What are some of the most interesting or exciting projects you are working on now?
Releasing a feature film in fifty states, fixing for the world’s first artist-driven dark ride, and opening massive new immersive installations in Las Vegas, Denver, and Washington, D.C. with many more major metros to come.
Based on your personal experience, what advice would you give to young people considering a career in PR?
Spend a year working for a media outlet as a reporter or better, an editor. Nothing could be more irreplaceable to your success. Cut out spin, parroted or knee-jerk words and phrases, passive voice, and that limp trend of leading with a modifier. Avoid extraneous jive and don’t “hope this email finds you well.” Emails don’t find and the first way to gain respect is not to waste a moment. Be curious and read everything. Only pitch if you really believe it, remember you aren’t in sales and don’t comport yourself as a babbly pr flack.
You are known as a master networker. Can you share some tips on great networking?
Not cool when the first words out of anyone’s mouth are “What do you do?” This is a personal question that should arise way later in acquaintance. To inquire right off signals little else than what if anything are you worth to me? If you’re genuinely interested in other human beings and aim to give more than receive, you’ll naturally become one in a strong network. Just meet people and remember that looks and demeanor can really be deceiving.
Is there a particular book that you read, or podcast you listened to that really helped you in your career? Can you explain?
So many, a whole discussion. If I Knew Then What I Know Now by Richard Edler codifies high-quality knowledge from a wide variety of highly successful leaders. Drink deeply of wisdom. Avoid the toil of a decade-plus in The School of Hard Knocks and save yourself a whole lotta mess. Read ancient Greeks, the Bhagavad Gita, Willy The Shakes et al. Human nature never changes and all the rarified insights are mapped out in the classics.
Because of the role you play, you are a person of great influence. If you could inspire a movement that would bring the most amount of good to the most amount of people, what would that be?
A new political party that does not constrain life to a cage of either/or, polarized propositions: left v. right, liberal v. conservative, Democrat v. Republican, urban v. rural, dog c. cat. Why would you let yourself be defined that way?
We have to elect on experience and not identity, looks or talk. Talk is cheap and looks are skin deep. A new party founded on informed, evolving policy — not ideology — that treasures and protects our natural resources, minimize taxes and spending, champions education and young people’s future, applies law equally to all, ends corporate welfare and personhood, stays faithful to the constitution and lets the rest be decided by the states would be the ultimate good for the country and for the people of earth too.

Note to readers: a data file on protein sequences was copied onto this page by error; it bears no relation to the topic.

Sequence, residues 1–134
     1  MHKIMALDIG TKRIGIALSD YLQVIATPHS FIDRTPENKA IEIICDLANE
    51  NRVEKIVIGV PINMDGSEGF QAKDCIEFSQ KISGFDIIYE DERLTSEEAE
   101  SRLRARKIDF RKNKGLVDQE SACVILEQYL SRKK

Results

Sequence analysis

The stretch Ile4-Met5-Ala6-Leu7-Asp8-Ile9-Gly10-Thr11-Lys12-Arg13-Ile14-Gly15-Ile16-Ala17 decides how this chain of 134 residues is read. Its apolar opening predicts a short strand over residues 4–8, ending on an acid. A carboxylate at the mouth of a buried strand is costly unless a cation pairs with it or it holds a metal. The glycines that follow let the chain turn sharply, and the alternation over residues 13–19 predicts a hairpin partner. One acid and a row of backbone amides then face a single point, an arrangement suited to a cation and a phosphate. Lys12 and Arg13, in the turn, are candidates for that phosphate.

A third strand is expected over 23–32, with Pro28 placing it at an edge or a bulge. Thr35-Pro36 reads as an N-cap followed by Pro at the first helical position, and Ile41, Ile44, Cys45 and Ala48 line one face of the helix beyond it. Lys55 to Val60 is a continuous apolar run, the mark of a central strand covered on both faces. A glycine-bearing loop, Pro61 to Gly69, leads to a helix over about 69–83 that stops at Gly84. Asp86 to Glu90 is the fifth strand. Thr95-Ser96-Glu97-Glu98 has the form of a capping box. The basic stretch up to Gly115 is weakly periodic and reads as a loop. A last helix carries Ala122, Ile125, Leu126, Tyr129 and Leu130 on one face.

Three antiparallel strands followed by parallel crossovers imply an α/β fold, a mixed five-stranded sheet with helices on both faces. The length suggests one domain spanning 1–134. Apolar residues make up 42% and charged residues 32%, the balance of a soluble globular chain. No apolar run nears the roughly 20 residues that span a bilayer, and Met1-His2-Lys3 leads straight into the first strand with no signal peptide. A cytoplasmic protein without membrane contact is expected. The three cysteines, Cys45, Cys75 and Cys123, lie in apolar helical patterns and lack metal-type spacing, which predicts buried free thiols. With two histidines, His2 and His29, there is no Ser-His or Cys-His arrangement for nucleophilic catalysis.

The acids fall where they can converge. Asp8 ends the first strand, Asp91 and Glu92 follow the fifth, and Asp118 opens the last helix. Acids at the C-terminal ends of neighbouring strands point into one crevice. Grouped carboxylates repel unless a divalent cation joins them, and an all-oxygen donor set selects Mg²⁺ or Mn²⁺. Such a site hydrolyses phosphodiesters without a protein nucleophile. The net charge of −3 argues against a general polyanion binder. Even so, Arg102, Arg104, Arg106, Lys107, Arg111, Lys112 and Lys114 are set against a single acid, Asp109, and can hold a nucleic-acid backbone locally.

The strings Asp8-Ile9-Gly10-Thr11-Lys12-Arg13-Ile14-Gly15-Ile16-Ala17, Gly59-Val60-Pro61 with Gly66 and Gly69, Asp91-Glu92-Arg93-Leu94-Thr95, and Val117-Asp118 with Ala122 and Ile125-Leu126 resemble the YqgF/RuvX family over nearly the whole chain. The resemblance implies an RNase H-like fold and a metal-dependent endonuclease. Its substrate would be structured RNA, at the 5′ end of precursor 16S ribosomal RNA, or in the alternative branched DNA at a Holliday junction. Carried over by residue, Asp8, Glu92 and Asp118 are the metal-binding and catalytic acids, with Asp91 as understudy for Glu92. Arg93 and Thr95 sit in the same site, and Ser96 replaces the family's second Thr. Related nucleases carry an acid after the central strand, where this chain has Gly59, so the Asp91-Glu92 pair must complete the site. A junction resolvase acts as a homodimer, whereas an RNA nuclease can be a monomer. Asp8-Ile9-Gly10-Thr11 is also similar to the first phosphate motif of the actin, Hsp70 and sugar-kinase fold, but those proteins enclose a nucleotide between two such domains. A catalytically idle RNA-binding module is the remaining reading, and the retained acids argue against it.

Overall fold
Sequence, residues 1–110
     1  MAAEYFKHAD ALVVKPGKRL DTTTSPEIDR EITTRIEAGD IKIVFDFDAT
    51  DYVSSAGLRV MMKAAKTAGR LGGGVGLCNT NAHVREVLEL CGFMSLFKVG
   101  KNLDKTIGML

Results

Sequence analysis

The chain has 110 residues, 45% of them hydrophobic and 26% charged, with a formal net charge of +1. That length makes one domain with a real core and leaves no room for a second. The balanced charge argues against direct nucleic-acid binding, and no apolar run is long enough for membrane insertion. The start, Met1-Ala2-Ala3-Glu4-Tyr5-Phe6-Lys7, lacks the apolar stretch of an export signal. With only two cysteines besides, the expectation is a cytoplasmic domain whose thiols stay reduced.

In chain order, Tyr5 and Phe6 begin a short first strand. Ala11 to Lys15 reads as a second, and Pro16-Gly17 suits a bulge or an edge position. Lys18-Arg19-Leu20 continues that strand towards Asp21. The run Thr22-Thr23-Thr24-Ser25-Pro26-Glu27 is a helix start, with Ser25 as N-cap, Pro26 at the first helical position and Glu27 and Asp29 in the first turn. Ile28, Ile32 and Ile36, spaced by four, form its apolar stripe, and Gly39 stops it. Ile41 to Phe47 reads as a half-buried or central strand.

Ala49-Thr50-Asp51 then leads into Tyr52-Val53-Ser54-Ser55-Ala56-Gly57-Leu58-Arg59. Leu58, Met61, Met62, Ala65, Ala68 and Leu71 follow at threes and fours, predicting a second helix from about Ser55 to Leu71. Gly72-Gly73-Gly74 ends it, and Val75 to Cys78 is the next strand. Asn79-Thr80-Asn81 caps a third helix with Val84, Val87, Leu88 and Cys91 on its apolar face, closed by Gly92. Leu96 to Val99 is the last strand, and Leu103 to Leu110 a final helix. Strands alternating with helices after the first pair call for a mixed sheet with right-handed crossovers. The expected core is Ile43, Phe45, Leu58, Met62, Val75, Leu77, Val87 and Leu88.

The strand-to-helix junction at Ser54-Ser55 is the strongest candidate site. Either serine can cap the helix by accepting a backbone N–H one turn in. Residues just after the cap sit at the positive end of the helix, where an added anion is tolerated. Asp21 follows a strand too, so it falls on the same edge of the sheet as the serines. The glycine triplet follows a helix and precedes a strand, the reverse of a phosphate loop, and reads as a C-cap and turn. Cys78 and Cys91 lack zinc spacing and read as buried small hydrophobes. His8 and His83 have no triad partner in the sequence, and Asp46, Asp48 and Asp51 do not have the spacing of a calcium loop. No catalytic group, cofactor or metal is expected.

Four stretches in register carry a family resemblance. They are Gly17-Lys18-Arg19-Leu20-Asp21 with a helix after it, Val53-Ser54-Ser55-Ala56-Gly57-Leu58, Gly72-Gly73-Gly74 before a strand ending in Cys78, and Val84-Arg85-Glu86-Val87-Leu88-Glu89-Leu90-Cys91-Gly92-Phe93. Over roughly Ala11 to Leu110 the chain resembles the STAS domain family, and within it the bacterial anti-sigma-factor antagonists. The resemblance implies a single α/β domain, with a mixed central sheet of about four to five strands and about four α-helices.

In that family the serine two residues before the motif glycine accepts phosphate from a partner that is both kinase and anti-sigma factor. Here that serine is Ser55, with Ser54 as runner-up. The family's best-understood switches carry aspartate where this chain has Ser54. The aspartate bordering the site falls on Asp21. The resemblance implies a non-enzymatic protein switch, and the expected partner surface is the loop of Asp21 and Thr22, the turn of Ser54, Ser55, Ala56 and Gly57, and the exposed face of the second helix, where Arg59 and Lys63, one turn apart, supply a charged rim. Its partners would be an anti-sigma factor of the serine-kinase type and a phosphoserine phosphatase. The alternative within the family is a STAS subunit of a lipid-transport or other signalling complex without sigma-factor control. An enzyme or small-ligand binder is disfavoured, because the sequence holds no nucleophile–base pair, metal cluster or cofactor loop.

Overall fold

A third party doesn’t have to win, just make a small dent in the center to shake up all sides.
What are your “5 Things I Wish Someone Told Me Before I Started” and why?
- Don’t let all your hard earned income go to purchase someone else’s property and create someone else’s fortune. Ownership is power, at work and at home. Look at the market and housing charts. Is all there. FIRE movement is onto something. Max out your 401(k) each year.
- At first, don’t think about money — no matter your debt or anything. The world is bigger than you know and nothing is more important than to find your industry and your place in it. Survey widely, try things on for size, find your scene, pinpoint an evolved and humane company and stand by it. Don’t leave for money and beware large corporations, dodgy industries and most of all squares. Look carefully before you leap.
- Be ready for unfair companies and managers. A natural team player can’t conceive of the narcissism, control freakery, incompetence and backstabbing out there — but good can defeat evil. Live by a code, don’t fish off the company pier and believe half of what you see and none of what you hear. Get it in writing and always have your own wheels.
- Conserve your time and energy and don’t waste so much on entertainment, social media, fads and fleeting pleasures. Take the initiative to ensure your body and mind are attained and attuned to the highest degree. After that, spend time volunteering and making a difference. Then you can fool around. As Terence McKenna famously proclaimed, “Culture is not your friend.” Realize that.
- You have to work harder than everyone else, and your integrity has to remain unassailable, but you can become trapped into late nights, email at all hours, weekends, holidays, all of it. You’ll look and feel like Superman — in the moment — but you only go around once or twice and time speeds up each year. Be in charge. Take risks, have a magic bag of chosen crafts, and while you can: live a little!